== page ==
6.4.1.1In unselected patients after acute MI, long-term treatment, (greater than 6 months and up to 4 years) with beta blockers resulted in 1.2% annual risk reduction and 23% reduced odds of death compared with placebo (1++).
6.4.1.2In one randomised controlled trial of patients after acute MI with LV systolic dysfunction, treatment with carvedilol, in addition to ACE inhibitor therapy, reduced all-cause mortality, cardiovascular-cause mortality, non-fatal MI, and the combination of all-cause mortality or non-fatal MI (1++).
6.4.1.3Carvedilol compared to placebo is cost effective in patients with LV dysfunction.
6.4.1.4In patients after acute MI with asymptomatic left ventricular systolic dysfunction, beta blocker treatment reduced cardiovascular mortality and the risk of developing CHF (2+).
6.4.1.5There is inconclusive evidence about the optimum time to initiate beta - blocker treatment in patients after an MI.
6.4.1.6There is no evidence that unselected patients after acute MI treated with a beta blocker should routinely stop treatment.
6.4.1.7No trials were found which examined the effectiveness of initiating beta blocker treatment in patients with a proven MI in the past and preserved left ventricular function.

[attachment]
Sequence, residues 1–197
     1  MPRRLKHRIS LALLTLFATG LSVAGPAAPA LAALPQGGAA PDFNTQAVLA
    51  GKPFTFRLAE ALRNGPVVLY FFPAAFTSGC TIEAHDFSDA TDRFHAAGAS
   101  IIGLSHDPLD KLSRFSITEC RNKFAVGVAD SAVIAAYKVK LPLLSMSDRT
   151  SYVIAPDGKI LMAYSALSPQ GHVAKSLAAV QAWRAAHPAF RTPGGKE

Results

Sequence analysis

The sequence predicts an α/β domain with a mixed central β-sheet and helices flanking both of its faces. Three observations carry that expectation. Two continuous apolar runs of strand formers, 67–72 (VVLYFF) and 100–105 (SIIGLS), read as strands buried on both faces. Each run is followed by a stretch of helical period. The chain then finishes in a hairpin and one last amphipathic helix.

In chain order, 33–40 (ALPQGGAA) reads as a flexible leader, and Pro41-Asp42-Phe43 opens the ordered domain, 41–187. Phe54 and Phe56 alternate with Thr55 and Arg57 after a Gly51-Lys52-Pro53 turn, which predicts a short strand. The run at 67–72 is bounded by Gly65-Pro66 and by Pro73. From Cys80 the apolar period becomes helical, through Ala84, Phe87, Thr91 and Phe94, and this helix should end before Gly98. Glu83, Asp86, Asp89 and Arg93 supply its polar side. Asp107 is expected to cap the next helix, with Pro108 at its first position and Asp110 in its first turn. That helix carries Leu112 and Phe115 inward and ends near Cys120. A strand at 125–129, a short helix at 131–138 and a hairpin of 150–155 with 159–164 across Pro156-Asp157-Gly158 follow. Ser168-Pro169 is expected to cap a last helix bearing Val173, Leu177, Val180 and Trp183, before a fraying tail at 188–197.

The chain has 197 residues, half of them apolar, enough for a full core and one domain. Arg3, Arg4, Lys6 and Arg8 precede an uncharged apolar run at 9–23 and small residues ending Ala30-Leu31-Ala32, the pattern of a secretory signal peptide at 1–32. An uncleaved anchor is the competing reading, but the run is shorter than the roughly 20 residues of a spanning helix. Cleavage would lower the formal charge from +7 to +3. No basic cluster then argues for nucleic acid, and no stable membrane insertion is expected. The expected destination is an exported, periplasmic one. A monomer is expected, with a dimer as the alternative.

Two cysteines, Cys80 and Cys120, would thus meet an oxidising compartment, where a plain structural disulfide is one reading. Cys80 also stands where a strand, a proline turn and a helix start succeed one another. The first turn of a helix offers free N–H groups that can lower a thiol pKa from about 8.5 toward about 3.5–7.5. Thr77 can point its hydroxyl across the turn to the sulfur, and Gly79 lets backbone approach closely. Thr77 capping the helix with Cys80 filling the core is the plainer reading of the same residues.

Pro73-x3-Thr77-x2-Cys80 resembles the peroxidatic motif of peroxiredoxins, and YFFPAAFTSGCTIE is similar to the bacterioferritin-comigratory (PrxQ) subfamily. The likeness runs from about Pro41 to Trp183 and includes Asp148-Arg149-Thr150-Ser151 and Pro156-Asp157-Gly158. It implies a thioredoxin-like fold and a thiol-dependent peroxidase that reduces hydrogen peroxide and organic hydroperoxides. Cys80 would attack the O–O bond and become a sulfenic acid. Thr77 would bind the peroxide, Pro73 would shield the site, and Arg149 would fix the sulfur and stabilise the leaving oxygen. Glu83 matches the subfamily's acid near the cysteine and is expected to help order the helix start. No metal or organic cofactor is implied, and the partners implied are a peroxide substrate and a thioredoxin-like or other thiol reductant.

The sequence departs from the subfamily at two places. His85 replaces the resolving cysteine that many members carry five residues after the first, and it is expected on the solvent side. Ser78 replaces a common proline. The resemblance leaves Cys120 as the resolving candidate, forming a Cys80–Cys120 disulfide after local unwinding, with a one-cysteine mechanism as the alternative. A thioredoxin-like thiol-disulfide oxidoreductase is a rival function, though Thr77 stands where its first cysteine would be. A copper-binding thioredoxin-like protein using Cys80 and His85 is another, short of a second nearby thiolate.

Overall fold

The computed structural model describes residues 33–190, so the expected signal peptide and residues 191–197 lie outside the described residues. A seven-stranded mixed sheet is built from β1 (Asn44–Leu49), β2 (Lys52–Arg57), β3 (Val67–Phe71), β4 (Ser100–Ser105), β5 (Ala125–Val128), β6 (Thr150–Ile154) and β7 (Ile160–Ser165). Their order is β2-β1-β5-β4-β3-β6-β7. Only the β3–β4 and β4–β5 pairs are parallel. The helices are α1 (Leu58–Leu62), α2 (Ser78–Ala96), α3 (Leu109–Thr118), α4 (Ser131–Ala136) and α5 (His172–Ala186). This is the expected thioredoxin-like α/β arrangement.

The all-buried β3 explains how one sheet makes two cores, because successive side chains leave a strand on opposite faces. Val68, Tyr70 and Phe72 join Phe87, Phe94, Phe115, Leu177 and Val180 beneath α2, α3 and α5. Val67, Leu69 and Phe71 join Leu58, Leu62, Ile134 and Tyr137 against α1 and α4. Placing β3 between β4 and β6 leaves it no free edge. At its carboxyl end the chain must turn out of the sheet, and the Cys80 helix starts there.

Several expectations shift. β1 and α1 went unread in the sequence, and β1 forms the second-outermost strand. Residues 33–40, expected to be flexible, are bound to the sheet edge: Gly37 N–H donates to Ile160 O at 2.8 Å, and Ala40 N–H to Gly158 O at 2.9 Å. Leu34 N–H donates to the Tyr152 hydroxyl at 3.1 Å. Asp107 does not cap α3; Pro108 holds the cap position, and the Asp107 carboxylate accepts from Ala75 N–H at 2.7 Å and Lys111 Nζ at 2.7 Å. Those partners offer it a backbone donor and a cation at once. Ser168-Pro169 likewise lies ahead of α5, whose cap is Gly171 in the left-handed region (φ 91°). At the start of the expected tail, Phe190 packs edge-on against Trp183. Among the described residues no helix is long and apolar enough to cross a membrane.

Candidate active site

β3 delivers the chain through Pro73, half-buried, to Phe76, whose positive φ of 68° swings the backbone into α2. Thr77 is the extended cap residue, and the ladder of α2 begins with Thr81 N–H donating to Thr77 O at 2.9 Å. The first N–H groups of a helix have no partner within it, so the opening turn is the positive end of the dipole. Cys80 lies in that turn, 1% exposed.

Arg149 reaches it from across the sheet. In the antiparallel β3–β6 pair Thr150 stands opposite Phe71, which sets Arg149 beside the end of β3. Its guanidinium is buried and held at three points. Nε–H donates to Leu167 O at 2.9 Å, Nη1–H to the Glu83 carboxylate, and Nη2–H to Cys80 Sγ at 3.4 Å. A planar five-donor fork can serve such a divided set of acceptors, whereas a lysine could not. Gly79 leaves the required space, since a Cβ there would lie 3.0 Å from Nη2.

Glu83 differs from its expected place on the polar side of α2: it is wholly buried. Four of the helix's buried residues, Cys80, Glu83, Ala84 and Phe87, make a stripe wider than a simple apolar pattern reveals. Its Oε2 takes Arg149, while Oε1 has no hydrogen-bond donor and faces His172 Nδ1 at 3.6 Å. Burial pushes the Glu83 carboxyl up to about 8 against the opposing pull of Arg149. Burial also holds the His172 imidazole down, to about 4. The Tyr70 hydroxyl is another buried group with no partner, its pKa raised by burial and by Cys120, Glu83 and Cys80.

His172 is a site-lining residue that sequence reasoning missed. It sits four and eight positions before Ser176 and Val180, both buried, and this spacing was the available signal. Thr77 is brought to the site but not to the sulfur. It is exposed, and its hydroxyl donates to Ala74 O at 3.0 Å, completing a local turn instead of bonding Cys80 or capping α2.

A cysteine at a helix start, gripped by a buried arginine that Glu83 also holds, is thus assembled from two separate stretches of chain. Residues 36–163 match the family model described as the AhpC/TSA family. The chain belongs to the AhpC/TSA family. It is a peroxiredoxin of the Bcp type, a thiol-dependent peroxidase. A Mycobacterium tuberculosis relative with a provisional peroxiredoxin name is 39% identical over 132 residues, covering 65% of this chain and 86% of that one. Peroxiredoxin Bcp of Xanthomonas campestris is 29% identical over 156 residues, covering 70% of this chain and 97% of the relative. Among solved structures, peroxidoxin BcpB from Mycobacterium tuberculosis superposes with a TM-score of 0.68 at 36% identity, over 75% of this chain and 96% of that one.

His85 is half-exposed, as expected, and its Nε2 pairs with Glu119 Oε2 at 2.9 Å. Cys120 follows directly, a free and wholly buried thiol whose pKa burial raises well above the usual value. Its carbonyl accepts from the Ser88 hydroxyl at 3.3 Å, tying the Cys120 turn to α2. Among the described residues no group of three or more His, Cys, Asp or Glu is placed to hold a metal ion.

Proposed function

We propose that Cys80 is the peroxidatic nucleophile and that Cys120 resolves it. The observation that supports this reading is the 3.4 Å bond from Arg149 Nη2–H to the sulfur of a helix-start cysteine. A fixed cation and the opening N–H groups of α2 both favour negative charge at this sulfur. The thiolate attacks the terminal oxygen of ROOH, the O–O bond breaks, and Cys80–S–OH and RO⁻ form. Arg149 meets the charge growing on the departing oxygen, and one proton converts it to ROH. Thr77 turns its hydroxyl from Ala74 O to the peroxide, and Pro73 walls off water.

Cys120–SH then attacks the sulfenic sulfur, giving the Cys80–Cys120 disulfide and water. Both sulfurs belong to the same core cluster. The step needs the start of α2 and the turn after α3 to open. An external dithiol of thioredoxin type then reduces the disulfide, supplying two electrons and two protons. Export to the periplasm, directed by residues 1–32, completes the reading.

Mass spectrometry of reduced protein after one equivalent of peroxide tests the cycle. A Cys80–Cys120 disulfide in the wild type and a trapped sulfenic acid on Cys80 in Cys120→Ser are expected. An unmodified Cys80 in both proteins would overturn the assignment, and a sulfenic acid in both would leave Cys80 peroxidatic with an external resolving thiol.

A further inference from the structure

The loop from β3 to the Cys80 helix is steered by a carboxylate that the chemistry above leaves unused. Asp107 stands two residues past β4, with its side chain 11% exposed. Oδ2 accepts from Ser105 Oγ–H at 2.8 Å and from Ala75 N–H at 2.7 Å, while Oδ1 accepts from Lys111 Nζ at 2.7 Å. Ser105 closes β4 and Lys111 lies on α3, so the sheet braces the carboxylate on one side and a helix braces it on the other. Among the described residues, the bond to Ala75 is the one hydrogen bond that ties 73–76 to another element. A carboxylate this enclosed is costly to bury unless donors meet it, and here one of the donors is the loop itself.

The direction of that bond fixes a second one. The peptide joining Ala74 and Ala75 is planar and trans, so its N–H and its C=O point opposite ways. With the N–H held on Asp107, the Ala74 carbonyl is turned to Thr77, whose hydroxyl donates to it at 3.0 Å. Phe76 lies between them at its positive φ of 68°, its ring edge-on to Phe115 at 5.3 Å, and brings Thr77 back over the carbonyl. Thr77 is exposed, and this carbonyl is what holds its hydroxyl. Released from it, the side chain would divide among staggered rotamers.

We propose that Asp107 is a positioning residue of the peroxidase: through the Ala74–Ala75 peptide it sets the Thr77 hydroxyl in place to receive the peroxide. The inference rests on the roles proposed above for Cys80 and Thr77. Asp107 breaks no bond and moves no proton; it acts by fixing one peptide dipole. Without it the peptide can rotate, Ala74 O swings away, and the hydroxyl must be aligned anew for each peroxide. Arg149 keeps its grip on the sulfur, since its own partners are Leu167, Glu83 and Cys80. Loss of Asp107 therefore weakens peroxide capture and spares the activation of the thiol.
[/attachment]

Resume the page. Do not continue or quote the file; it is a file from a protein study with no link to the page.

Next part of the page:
6.4.1.8In randomised controlled trials, initiation of beta blocker treatment in patients with chronic heart failure, of whom some had had a previous MI, reduced mortality and the need for hospitalisation. (NICE Chronic Heart Failure guideline) (1++).

From: 6, Drug Therapy

Cover of Post Myocardial Infarction
Post Myocardial Infarction: Secondary Prevention in Primary and Secondary Care for Patients Following a Myocardial Infarction [Internet].
NICE Clinical Guidelines, No. 48.
National Collaborating Centre for Primary Care (UK).
Copyright © 2007, National Collaborating Centre for Primary Care.

PubMed Health. A service of the National Library of Medicine, National Institutes of Health.